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On Jul 6, 2013, at 9:57 PM, Andrew Starks <> wrote:

So here we can see a bunch of cases where `nil` is absolutely "a
thing" that is separate from "not ever having been defined." And I
think that's great, and at the proper level of abstraction, I can see
how it might be irrelevant.

But they still are not equivalent, not matter how hard you squint your
eyes. They're not even equivalent in daily life, even for normal

Indeed, which is why nil is perfectly acceptable as a *value* in an argument list or return value. In Lua, nil is a value, which triggers certain special behaviors on assignment to tables. It's SUPPOSED to be that way; in the C API I can push nil not he stack, I can check to see if a stack slot "contains" nil, and I can copy a nil from one part of the stack to another. Looks like a value to me.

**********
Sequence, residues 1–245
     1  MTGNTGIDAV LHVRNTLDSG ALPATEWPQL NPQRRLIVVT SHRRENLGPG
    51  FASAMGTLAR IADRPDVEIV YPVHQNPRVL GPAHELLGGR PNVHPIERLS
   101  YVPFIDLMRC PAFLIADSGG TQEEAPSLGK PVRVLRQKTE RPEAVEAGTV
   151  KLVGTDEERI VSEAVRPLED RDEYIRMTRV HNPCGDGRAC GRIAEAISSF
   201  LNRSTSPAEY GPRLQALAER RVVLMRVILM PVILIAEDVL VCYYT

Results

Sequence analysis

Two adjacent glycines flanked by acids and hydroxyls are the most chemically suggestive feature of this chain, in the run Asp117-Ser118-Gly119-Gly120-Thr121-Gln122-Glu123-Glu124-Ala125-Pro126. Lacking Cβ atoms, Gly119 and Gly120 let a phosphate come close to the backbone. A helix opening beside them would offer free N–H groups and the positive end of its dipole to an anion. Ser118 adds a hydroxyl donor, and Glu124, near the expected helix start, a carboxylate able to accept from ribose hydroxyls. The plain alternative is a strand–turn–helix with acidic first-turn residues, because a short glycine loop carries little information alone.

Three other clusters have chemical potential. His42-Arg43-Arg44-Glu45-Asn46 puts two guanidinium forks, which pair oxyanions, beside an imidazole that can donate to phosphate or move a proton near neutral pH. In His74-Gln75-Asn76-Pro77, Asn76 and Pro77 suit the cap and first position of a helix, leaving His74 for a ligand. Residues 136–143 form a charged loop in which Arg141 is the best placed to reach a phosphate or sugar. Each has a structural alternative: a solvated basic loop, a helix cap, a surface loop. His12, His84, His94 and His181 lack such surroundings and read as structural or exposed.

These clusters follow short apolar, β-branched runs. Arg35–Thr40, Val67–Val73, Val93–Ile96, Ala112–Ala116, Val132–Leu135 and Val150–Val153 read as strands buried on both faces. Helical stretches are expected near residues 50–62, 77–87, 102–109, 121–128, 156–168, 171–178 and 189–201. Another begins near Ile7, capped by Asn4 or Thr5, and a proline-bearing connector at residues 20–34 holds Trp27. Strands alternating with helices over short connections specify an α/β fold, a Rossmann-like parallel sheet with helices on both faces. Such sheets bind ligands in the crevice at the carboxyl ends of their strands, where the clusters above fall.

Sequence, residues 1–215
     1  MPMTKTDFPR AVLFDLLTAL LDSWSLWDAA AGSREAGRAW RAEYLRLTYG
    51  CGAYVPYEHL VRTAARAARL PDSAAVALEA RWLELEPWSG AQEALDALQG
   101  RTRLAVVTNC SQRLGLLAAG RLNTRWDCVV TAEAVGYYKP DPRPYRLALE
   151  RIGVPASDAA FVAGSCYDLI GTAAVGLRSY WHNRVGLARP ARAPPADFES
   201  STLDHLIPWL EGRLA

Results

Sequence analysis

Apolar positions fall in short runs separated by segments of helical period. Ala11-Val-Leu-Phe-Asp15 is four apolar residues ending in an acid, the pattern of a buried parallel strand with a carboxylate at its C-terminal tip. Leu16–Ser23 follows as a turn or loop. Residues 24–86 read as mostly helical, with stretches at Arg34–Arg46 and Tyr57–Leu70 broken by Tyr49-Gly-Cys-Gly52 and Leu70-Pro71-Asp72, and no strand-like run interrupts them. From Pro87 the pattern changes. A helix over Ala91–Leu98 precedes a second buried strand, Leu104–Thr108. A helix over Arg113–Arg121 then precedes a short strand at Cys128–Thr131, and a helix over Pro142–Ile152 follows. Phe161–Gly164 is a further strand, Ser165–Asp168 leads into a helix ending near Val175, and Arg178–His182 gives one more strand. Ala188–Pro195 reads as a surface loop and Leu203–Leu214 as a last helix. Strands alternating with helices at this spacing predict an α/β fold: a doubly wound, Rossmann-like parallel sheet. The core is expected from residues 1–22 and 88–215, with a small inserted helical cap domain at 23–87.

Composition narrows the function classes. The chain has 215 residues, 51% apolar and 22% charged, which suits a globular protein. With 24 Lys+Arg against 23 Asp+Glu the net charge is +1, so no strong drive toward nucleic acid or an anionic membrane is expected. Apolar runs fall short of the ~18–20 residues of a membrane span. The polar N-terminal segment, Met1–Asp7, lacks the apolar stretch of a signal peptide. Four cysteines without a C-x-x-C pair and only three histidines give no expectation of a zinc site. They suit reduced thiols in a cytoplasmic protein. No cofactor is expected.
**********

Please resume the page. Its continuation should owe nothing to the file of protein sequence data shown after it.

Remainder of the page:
I'm reminded of the medieval arguments about zero (a fascinating topic btw), when many people got really really worked up over the idea of a "number zero" .. how could a number, which was supposed to be a count of something, mean nothing and not be nothing itself? :)